The Tale of Boden Fogou

It was in 1991 that I received a telephone call from Tony Williams of Higher Boden. "Come and see what I have found" he said.

There had been a tale for many years that 25 feet away from the apple tree in the hedge there was a tunnel. Mr Williams and Chris Hosken, both local farmers, had decided to verify this story by probing the soil at the 25-foot measurement. Their probing revealed a line of rocks at just the right spot. This was duly reported to the Cornwall Archeological Unit (CAU) and a geophysical survey report was produced which showed numerous anomalies in the soil, one of which was a long feature, thought to be a tunnel or fogou.

Margaret Hunt This started a dream for me that, one day, I would be able to help excavate the site.

It was not until twelve years later, on October 14th 2003, when I walked onto the site, my trowel at the ready, that my dream came true.

Sadly Mr Williams did not live to see the day, but Chris Hosken inspired us all over the next four weeks.

Boden proved to be more than was expected, for not only was the Romano British fogou revealed with all the ditches, banks and pottery that one would expect to find on a site of that period, but also evidence of the Bronze Age in the form of pottery within a round house.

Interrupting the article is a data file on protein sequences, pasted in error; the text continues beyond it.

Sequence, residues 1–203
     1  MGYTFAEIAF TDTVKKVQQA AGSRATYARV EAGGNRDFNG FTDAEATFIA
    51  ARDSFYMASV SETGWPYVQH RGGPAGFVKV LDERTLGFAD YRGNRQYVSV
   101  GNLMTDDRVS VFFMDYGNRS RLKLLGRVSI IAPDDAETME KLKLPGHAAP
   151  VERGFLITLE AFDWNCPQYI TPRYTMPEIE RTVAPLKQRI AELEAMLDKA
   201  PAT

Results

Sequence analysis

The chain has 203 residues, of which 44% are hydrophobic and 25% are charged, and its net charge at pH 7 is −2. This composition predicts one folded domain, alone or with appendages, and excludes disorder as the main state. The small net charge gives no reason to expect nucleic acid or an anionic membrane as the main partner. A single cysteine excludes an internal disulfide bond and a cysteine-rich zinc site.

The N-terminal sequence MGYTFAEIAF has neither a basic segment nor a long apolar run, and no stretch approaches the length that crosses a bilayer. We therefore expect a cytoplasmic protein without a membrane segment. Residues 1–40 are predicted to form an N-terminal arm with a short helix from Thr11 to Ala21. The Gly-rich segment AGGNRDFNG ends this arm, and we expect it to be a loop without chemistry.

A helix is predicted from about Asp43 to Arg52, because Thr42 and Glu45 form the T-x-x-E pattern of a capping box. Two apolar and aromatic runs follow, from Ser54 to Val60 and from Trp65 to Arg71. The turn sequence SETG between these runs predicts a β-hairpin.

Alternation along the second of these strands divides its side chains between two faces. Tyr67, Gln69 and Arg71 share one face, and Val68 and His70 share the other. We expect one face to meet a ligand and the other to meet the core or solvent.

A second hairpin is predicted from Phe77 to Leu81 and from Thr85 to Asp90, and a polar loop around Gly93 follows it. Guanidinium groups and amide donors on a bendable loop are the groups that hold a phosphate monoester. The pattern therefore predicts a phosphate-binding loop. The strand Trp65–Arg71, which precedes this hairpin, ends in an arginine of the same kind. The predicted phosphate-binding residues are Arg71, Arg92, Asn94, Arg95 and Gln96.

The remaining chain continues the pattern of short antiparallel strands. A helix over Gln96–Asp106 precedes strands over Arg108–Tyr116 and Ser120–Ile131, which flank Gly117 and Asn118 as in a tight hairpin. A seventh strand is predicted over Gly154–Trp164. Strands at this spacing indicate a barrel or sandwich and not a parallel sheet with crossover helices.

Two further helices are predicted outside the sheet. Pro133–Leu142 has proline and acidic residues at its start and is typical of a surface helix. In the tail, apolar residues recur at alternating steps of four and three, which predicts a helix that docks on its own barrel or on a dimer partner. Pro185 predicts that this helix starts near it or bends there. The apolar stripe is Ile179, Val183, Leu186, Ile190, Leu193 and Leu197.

Boden Fogou boden-pot
Two quadrants of this were partially excavated and in one of these were found large pieces of thickly decorated Trevisker style pottery with rims, which when reconstructed may turn out to be one of the largest ever found in Cornwall with a diameter of about 34 cm at the rim.

The fogou tunnel, when excavated, revealed a magnificent structure with walling up to 1.5 m high and a scatter of huge lintel stones lying haphazardly just above the floor level. A possible human tooth was found lying near the floor surface next to pieces of black burnished ware pottery.

Evidence of burning and numerous pieces of pottery were found in all seven trenches excavated and to crown the whole dig three Roman coins (provisionally dated to the 2nd and 3rd centuries AD), three spindle whorls made from clay (at first thought to be big beads as the middle hole is rather small), a possible copper alloy brooch, and one small blue complete glass bead.
We look forward with great expectations to the report and hope it will be possible for more excavations to be funded in the near future.

Margaret Hunt